If those caught in currents can stay afloat they can simply ride out the current, which more often than not will actually loop around and lead them back to shallow water.
Werneth claimed to be at such ease with rip currents that he could ride in them – a common trick among experienced surfers who will use the assistance to take them out to sea.
‘I’m not going to drown in a rip current,’ he said.
‘In fact, we use rip currents. When I go surfing, the first thing I do is walk down to the beach and I look and see where the rip current is and I jump in it.
‘A trained individual, they’re not going to drown in a rip current in normal circumstances, there’s no reason,’ he added.
A rip current warning on a beach in Galveston, Texas, offers the traditional advice of swimming parallel to the shore to escape the flow
Traditional advice that’s also long been circulated around rip currents is to ‘swim parallel’ to the shore as opposed to directly towards it.
While there may be some value in that advice, Werneth suggested it was not necessarily that helpful and if doing so is going to exhaust the swimmer, it would be best to focus on staying afloat.
‘There used to be [advice to] shoot parallel along shore to get out of a rip current but actually studying the beach and watching the beach that I’m responsible for, swimming parallel doesn’t work because you’d swim right into another one – they’re right side by side.’
Dyes and aerial cameras can be useful for revealing how rip currents actually work, and in many cases, particularly when caused by man-made phenomena, a series of rip currents can form side by side. They also come in various shapes.
‘They’re not just a lane or an area. It can be one alongside the other, and they don’t necessarily just go straight out, they loop around,’ said Werneth.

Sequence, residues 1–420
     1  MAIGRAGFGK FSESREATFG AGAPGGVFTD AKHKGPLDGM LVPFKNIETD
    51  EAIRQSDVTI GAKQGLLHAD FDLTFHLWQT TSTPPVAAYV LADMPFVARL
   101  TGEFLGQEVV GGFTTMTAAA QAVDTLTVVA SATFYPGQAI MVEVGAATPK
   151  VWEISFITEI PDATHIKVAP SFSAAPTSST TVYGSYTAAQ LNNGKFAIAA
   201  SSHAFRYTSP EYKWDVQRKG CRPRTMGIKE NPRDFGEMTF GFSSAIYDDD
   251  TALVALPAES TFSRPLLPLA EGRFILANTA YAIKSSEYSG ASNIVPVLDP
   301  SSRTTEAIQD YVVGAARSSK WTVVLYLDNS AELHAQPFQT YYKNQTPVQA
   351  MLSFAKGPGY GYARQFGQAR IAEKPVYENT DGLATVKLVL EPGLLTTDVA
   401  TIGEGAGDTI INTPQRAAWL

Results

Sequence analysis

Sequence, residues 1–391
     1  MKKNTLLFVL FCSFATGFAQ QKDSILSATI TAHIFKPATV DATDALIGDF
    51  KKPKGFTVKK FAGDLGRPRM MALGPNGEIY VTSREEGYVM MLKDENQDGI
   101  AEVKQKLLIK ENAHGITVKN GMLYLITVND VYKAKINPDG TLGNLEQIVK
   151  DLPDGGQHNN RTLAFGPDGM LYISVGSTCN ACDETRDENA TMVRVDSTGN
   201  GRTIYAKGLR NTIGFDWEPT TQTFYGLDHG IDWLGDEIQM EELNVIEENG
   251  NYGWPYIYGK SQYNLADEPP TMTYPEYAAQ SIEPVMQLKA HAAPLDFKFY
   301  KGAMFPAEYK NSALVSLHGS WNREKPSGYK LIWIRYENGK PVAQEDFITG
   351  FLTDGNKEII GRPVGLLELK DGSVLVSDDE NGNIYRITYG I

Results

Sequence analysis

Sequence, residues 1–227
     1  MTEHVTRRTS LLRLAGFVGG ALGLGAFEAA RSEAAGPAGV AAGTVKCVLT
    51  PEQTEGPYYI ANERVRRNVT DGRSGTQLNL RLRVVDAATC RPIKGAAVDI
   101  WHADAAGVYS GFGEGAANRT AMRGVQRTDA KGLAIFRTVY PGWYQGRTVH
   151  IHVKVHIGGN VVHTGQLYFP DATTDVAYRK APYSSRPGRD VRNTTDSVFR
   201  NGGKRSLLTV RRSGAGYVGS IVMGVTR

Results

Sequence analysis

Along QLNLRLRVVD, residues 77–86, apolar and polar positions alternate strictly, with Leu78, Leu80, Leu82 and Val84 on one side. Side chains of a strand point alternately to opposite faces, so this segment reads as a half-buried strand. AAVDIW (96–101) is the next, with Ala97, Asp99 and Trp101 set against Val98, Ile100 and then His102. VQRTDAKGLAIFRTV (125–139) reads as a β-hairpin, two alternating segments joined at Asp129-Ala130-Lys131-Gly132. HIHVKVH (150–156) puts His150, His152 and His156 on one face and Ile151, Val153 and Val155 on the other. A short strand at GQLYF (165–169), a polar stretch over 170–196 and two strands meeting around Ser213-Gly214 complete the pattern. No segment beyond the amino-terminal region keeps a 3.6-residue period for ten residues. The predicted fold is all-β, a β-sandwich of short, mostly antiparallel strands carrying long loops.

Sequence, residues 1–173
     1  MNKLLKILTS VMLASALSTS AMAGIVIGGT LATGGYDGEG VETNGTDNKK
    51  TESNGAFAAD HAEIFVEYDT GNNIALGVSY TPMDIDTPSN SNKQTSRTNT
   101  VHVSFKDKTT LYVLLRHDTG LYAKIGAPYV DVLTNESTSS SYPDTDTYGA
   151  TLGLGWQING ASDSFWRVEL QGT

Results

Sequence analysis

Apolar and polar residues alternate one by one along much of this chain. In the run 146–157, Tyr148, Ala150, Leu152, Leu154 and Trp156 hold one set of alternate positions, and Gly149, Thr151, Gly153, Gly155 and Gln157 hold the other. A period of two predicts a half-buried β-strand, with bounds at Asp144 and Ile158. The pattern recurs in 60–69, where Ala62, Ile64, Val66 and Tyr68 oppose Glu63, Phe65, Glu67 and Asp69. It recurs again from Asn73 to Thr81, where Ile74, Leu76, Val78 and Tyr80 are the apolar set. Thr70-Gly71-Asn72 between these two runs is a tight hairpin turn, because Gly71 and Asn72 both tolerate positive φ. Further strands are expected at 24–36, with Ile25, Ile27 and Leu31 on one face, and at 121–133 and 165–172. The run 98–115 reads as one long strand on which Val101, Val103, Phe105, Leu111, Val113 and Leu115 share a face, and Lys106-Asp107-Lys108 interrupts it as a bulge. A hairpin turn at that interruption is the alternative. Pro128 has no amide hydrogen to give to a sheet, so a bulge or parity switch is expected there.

When asked if a rip current could take a swimmer so far out into the ocean that they wouldn’t be able to return, Werneth said that was not a likely scenario.
‘I can tell you nothing like that’s ever happened,’ he said. ‘If the person’s doing everything right, they’re just floating in the water, it’s just a day to day at the beach, They’re not going to drown because the rip current pulled them off.
‘I haven’t ever heard of a case where someone got pulled out and lost in a rip current because they went too far out. That’s not to say something like that may not happen, that hasn’t happened in my experiences,’ he added.
A schematic showing traditional advice to swimmers, suggesting that to escape a rip current you should swim parallel to the shore. Werneth suggested it was not necessarily that helpful and if doing so is going to exhaust the swimmer it would be best to focus on staying afloat
Werneth also offered DailyMail.com advice for bystanders or people on the coast considering how to rescue those struggling in the water.
Crucially, he said that if somebody else is caught in a rip current you should not enter the water to rescue them unless you have some type of float.
‘If you have to respond to someone never go into the water without a floatation, you become part of that problem, you won’t be a solution,’ he said.
Werneth said that during his eight-year tenure as lifeguard chief there were 26 fatalities – of those more than half involved ‘a double drowning or a rescuer drowning’.
And in his experience the person who goes out to make the rescue was more likely to die than the person requiring rescue.
‘I think the person is panicked, and uses the rescuer to sustain flotation, pushing them under water and basically beat the hell out of the rescuer,’ he said.